The budget for this biennium calls for $23.5 billion in the first year and $24 billion in the second year. This represents about 3% spending growth which is within the definition of contained spending growth by most analysts. This budget compromise between the Senate and House was vetoed by the governor on the basis it did not go far enough to fund NC priorities. His budget called for $1 billion in additional spending. The veto was quickly overridden and the budget has become law. Below are some key highlights of the budget. You should be the judge if whether or not we were successful to help our citizens keep more of their hard-earned money, continue to fund our priorities, and contain spending growth.
The following six blog articles highlight the different areas affected by our state budget:
Many Asheville residents have come to me with questions and concerns regarding the S285 Equal Representation for Asheville which passed earlier this year. Many citizens are confused because the bill was passed, yet the city is insisting on putting a similar referendum on their November 7th ballot. Senate Bill 285 was passed in April of this year. It provides that the City of Asheville must amend its Election Charter creating six single member voting districts for city council elections, meaning that there will be one city councilman from each of the six different voting areas creating in the voting map. This change to the Charter is to be completed by November 1, 2017. In addition to the change in the Election Charter, the City Council has until November 15, 2017 to provide the General Assembly with a copy of the Charter changes and the proposed map of the districts.
The City Council, all along, has resisted this movement. Apparently for the reason that they do not believe that each of their citizens deserve to be represented fairly based on geographic location. The most recent actions of their resistance is their determination to place a referendum on the November ballot, in which citizens will be asked to either choose to obey the law by changing to the single-member districts or maintain the status quo. It is apparent through their actions and statements to the media, that the addition of this referendum is nothing more than an attempt to challenge the General Assembly in court in an effort to maintain status quo.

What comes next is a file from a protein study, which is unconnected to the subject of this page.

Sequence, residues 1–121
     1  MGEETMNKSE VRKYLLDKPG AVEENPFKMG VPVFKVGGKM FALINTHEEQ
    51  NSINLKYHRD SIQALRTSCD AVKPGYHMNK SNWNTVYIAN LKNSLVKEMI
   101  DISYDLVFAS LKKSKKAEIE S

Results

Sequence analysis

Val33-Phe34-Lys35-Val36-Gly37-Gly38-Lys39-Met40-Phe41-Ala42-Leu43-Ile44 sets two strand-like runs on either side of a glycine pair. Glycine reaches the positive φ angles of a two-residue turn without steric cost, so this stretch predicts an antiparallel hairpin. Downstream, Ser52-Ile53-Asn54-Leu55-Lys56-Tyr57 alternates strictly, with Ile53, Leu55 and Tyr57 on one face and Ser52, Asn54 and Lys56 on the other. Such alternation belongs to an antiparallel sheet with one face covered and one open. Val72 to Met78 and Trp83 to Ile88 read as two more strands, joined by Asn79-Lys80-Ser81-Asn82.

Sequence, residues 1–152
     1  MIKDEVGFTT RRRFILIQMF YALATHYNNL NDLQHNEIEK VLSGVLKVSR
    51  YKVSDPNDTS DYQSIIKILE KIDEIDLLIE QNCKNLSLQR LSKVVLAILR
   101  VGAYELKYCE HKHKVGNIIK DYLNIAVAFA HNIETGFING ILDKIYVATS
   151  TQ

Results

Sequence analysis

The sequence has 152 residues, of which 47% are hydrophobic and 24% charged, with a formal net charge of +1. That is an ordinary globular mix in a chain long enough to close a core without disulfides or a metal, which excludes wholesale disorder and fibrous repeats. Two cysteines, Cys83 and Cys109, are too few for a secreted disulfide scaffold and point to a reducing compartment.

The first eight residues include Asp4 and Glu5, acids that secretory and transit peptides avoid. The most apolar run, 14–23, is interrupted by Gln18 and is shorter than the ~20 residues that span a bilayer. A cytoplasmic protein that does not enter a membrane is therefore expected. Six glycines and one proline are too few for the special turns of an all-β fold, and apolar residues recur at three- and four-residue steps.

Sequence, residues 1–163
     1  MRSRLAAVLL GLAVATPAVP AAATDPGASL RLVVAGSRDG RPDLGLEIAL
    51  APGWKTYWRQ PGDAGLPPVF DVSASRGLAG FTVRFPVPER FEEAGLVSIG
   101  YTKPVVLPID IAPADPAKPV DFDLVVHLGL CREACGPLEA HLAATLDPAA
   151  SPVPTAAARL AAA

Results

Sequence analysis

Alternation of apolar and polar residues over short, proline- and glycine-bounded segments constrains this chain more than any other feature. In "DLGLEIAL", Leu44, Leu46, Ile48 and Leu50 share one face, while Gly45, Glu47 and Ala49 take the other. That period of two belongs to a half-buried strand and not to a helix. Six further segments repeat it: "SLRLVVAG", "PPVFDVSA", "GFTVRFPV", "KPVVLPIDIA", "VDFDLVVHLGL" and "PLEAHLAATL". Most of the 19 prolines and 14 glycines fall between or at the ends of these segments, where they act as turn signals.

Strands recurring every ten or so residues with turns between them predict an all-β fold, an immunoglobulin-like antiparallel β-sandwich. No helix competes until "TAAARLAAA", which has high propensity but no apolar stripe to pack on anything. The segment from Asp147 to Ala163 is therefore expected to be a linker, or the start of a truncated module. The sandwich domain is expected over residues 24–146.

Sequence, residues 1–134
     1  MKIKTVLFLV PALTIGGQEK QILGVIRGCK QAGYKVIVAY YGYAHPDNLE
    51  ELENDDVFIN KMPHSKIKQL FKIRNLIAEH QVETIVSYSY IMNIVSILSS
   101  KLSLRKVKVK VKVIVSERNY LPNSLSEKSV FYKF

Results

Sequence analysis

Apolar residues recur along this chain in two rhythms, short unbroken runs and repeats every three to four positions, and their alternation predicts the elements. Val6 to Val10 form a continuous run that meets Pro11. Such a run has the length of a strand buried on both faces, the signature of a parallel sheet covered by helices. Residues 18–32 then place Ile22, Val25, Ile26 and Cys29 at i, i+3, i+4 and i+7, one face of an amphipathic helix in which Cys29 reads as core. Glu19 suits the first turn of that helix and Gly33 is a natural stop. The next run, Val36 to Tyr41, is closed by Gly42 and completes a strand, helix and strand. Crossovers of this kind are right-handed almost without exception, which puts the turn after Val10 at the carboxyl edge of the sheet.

I believe the law should prevail. The courts are likely to agree with me and uphold this legislation, but we cannot ever be certain what they may decide. The single best thing that could happen in order for the citizens of Asheville to get the equal representation that they deserve, is for this referendum to pass.
If the referendum fails I believe the City of Asheville is prepared to spend their tax payers’ dollars to avoid following the law passed by the General Assembly. Additionally it will almost certainly delay the required districted elections in 2019.
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Regardless of one’s political views, excellence in education for the benefit of our children I believe is one of our most common and highest priorities. The Henderson County School System exemplifies this excellence. Please join me in congratulating Henderson County Public Schools Superintendent Bo Caldwell, the Henderson County School Board, and all the diligent and dedicated educators in our community for their recent monumental result. 20 of 23 Henderson County Schools metor exceeded their target for growth for the 2016-17 school year. This achievement is the 6th best in NC out of 115 LEAs.
Here’s an example of the work ethic we see from Bo Caldwell; When I called him last night to offer my personal congratulations well after hours, he was still at his office preparing for meetings with his staff to discuss how they could do even better next year. Thank you Bo. He is pictured with me here at a recent football field ribbon cutting for my alma mater, West Henderson High School.
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I remain humbled and honored that the citizens of NC's 48th Senate District selected me to apply my business experience, compassion for people, and sense of community service to help continue the positive work of our General Assembly...
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Sen. Chuck Edwards (R-Henderson, Transylvania and Buncombe) announced today that he has been appointed member to four (4) Senate Interim Committees by Senate Leader Phil Berger (R-Rockingham).
Sen. Chuck Edwards has been appointed to the following committees: Joint Legislative Economic Development and Global Engagement Oversight Committee, Joint Legislative Study Commission on Efficiency and Cost-Savings in State Government, Joint Legislative Oversight Committee on Information Technology and Revenue Laws Study Committee.
“I eagerly accept the additional responsibilities and workload as these assignments closely align with my business background and experience,” said Senator Edwards. “With these positions, I can have even a greater positive influence for District 48 and for our entire state.”